I’m not a kid anymore, so the up and down is not as easy, and yet I’m still healthy and somewhat young, and it would be criminal not to embrace it. Sometimes as I sit at the top of the hill, I think about how one day (if I’m lucky), I will be old, and my body won’t work right anymore. Maybe pain will be a constant part of my life. Maybe my actions will be severely limited by my failing health. Certainly, these days will be over soon. Certainly, my kids will grow up and be gone. And I hope I still enjoy my life then, even with all its limitations, but I can’t help but think of the longing I will feel when those days come. The longing for the time when my kids were young and at home, when Greg and I were healthy and active, when we had snow days where we could sled down hills over and over. And I feel my future self smiling on this present self, who is sitting on top of a snowy hill on a little sled, and my future self tells my present self, “You made a good choice.” So I push off, and I scream happily at all the bumps and dips, pretending that I’m not going to feel them all the next morning.
The other thing these snow days have challenged me to do is to recognize the precious gift that is my family. Just a couple days ago, a poor two-year-old’s body was found after he wandered away from his grandmother while on a hike in the woods. It appears that he died of exposure, a thought that contains such horror and sorrow that my brain shuts off protectively when I start to think of it too much. Also this week, my great uncle died, and actually, if we weren’t snowed in, I would be at his visitation today. In contrast to little Noah, Uncle Donald lived a nice, long life, but even so, it is still so hard for our family when our days on earth come to an end. And as much as we may try to ignore the thought, they will come to an end, and we are not promised a long life like Uncle Donald had. There is a temptation toward fear when faced with that reality, but I choose instead to let it prompt me to gratitude for every second I have with my family. Even those seconds where I am peeling wet jeans off wiggly legs, or vacuuming the same room for the second time in 24 hours because of all the popcorn kernels. Those wiggly legs and errant popcorn are the result of the presence of fragile humans whom I so dearly love. Sometimes it takes something as morbid as death to wake you up to the depths of that love. I have felt those depths during these snow days.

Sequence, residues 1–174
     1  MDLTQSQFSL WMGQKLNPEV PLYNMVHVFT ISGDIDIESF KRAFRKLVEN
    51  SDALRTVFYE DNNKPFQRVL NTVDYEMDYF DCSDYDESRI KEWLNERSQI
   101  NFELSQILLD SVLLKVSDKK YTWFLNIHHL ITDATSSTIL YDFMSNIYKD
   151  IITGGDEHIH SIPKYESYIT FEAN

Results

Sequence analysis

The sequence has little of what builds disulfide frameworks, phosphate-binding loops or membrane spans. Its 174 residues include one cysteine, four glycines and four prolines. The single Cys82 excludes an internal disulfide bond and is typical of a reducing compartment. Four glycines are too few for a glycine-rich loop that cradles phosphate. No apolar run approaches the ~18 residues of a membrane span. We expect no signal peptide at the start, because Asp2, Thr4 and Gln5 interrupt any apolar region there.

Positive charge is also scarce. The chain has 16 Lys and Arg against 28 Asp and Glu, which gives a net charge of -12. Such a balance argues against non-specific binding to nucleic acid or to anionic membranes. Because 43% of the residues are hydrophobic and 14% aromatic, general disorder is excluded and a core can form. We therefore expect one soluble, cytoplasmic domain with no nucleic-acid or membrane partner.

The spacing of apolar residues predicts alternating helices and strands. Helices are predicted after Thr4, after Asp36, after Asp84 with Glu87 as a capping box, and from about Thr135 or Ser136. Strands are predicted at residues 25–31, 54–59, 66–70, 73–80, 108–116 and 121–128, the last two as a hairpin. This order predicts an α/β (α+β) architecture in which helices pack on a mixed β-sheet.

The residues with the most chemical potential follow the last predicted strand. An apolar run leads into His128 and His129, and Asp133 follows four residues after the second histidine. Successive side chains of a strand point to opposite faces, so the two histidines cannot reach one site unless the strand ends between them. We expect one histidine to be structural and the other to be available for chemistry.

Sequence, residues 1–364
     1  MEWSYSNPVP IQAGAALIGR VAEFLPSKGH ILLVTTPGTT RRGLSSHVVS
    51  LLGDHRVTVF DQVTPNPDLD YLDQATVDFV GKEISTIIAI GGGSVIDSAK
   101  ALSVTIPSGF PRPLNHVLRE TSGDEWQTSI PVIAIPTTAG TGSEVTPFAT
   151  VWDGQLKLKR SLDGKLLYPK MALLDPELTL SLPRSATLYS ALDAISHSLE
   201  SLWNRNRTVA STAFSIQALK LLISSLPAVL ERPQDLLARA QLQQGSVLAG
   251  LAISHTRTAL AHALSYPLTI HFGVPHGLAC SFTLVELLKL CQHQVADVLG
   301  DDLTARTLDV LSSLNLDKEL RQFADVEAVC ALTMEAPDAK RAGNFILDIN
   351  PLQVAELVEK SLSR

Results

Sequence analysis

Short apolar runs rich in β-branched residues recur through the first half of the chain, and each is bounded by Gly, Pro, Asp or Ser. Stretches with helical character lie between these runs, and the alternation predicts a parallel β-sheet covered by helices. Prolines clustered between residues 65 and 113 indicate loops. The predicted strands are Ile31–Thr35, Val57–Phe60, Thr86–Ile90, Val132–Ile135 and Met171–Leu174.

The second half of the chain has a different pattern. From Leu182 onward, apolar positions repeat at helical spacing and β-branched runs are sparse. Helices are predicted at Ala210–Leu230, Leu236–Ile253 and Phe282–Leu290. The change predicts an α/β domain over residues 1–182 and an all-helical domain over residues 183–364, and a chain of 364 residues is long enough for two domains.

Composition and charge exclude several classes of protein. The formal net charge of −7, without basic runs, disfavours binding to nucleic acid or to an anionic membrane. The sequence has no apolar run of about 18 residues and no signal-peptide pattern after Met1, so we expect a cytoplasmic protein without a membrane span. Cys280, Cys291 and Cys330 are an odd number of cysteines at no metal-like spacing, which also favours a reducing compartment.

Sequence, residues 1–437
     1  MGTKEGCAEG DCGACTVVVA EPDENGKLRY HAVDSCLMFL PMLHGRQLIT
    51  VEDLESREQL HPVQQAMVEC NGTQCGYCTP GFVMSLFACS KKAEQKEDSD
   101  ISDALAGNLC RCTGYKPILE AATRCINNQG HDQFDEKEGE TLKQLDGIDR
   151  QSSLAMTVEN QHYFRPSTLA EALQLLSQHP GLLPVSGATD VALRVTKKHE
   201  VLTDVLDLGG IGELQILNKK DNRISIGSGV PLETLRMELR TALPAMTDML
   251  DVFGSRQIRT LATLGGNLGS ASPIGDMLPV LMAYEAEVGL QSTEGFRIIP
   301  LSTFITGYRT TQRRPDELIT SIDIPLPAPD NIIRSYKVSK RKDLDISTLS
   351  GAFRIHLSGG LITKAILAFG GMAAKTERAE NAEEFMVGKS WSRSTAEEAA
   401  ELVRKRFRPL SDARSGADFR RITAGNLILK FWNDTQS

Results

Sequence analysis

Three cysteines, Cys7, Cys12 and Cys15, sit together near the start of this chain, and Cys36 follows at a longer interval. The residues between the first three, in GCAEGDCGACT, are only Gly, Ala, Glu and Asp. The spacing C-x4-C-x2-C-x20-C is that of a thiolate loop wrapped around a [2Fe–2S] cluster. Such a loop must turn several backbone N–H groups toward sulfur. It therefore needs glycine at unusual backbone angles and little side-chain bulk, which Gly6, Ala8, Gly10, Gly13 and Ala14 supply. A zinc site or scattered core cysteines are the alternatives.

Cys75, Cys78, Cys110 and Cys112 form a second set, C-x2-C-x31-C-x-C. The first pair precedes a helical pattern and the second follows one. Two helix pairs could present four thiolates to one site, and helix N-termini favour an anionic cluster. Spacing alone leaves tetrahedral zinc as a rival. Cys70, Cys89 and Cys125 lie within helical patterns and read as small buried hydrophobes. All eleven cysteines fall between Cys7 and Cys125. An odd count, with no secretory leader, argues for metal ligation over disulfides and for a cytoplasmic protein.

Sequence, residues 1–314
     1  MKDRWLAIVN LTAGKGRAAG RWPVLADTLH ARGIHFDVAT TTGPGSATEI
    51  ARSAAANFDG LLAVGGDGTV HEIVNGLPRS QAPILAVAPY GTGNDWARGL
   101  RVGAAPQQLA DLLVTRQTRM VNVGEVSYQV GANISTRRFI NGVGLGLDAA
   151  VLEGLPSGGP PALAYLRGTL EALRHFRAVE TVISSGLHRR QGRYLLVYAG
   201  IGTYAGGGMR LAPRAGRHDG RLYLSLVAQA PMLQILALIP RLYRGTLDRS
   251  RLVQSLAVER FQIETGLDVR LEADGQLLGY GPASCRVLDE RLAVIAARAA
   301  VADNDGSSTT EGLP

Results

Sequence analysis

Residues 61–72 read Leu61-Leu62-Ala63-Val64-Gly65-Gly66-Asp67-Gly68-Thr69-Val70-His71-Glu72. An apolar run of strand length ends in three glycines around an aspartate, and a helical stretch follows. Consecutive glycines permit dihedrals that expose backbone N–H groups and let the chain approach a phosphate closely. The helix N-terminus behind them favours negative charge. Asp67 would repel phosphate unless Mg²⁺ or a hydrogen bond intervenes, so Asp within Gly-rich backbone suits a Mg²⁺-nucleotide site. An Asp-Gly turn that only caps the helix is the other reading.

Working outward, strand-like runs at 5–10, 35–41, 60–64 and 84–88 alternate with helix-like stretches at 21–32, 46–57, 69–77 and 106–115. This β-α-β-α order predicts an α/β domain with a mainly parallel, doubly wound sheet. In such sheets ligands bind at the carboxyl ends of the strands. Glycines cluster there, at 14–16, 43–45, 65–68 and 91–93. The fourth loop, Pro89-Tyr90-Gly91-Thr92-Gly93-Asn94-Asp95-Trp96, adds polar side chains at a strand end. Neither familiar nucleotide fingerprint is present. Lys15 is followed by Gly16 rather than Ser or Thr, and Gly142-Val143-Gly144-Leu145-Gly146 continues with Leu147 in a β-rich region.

I went on a walk around the block today, and ended up shedding my outer coat, hat, scarf, and gloves. It was much warmer, and the icy roads were starting to thaw. I felt my Sabbath melting around me in the slush through which I trudged, and I faced the fact that Greg would head back to work tomorrow, and the kids and I would spend the day doing school. That’s not exactly a tragedy, as I do enjoy our normal life, but I did so cherish this snow day Sabbath, and I loved embracing its invitation to hold tight to this charmed and fleeting life.